I would have thought these truths to be self-evident; that the easier it is to walk, the more people do. If you live within walking distance of a shopping district, you are going to tend to walk there. But nonetheless, somebody had to study it, and Kaid Benfield at NRDC points to research in California that proves that indeed, people who live in more traditionally designed, walkable communities do walk more. Kaid writes:
New research from Southern California has found that residents of neighborhoods with a central core of shops and services – a pattern typically found in older, traditional communities – walk nearly three times more often than do residents of neighborhoods whose nearest shops and services lie along a major arterial roadway – a pattern typically found in newer suburban development. Residents of traditionally styled and centered neighborhoods also drive less than their counterparts residing in the newer pattern.
But there is more in the study that meets the headline writer's eye. Forgive the big blockquote from Retrofitting the Suburbs to Increase Walking:
Looking further, we compared actual retail sales with estimates of local retail demand for both the resident and employee populations of the area to assess whether walkable neighborhoods have commercial concentrations that serve the local population or whether those neighborhoods must also import customers from other places. We find that retail sales in the two centers with the most walking are approximately three to four times as large as what could be supported by the residents and employees in those centers, suggesting that pedestrian-oriented centers require a concentration of business activity larger than the local residents can support. Thus people must drive from outside of the neighborhood to support the commercial activity that in turn encourages local residents to walk more. Therefore, business densities that reduce driving within the neighborhood also require some driving from outside of the neighborhood, implying that policy must focus not just on small and dense village centers but on knitting these together in larger transportation networks.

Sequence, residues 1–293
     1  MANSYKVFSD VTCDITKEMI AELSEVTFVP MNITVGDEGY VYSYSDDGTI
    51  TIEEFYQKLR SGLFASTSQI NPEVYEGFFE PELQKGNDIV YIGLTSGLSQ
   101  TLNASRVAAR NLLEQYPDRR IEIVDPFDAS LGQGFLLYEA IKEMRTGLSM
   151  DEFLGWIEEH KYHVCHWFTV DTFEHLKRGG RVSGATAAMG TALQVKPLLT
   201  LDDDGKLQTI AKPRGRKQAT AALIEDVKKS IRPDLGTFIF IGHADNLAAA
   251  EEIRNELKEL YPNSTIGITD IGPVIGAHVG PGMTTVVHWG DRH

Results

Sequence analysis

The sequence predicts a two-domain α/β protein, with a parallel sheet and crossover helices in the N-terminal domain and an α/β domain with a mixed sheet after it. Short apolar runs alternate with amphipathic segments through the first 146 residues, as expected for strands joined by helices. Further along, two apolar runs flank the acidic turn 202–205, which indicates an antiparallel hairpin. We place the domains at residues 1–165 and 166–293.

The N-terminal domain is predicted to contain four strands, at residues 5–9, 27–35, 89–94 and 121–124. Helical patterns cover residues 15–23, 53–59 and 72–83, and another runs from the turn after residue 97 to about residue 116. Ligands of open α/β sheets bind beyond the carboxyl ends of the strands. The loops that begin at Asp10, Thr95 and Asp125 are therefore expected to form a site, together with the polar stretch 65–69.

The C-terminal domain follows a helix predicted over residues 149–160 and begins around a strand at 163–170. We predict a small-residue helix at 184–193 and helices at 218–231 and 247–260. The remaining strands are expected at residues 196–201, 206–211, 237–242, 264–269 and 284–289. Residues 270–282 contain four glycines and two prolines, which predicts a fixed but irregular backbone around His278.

Before Walmart and the big box stores, pretty much everybody shopped locally. Now, with our big fridges and minivans, people head off to the power center for the staples, and there is not enough demand from people within walking distance to actually keep the stores in business. So we not only have to make our shopping streets better for walking, but also better for transit and, dare I admit it, driving.
I recall, a few years back, that all the retailers along Toronto's St. Clair Avenue had signs protesting the proposed dedicated right of way for the streetcars. They thought that the resulting reduction in parking spaces would kill their businesses. The overlong construction period hurt them badly. But an interesting thing happened once the new line opened; the number of people using the line increased; property values within walking distance went way up, dozens of new stores opened, and there are about half a dozen new condominium buildings under construction and more proposed.
The eye-opener in the study is the recognition that for main street retail to work, one needs a reasonable density, but also good connections to make it viable, to bring people in from a wider catchment area. I have seen what happens when there is an investment in infrastructure and connections, and it is very true.